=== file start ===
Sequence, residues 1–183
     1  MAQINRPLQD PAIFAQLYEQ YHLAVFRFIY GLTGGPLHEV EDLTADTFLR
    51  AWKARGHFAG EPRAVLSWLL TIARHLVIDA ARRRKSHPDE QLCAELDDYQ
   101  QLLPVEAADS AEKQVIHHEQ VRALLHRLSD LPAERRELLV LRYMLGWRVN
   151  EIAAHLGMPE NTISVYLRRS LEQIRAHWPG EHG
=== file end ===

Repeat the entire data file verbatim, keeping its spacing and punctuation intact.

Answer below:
Sequence, residues 1–183
     1  MAQINRPLQD PAIFAQLYEQ YHLAVFRFIY GLTGGPLHEV EDLTADTFLR
    51  AWKARGHFAG EPRAVLSWLL TIARHLVIDA ARRRKSHPDE QLCAELDDYQ
   101  QLLPVEAADS AEKQVIHHEQ VRALLHRLSD LPAERRELLV LRYMLGWRVN
   151  EIAAHLGMPE NTISVYLRRS LEQIRAHWPG EHG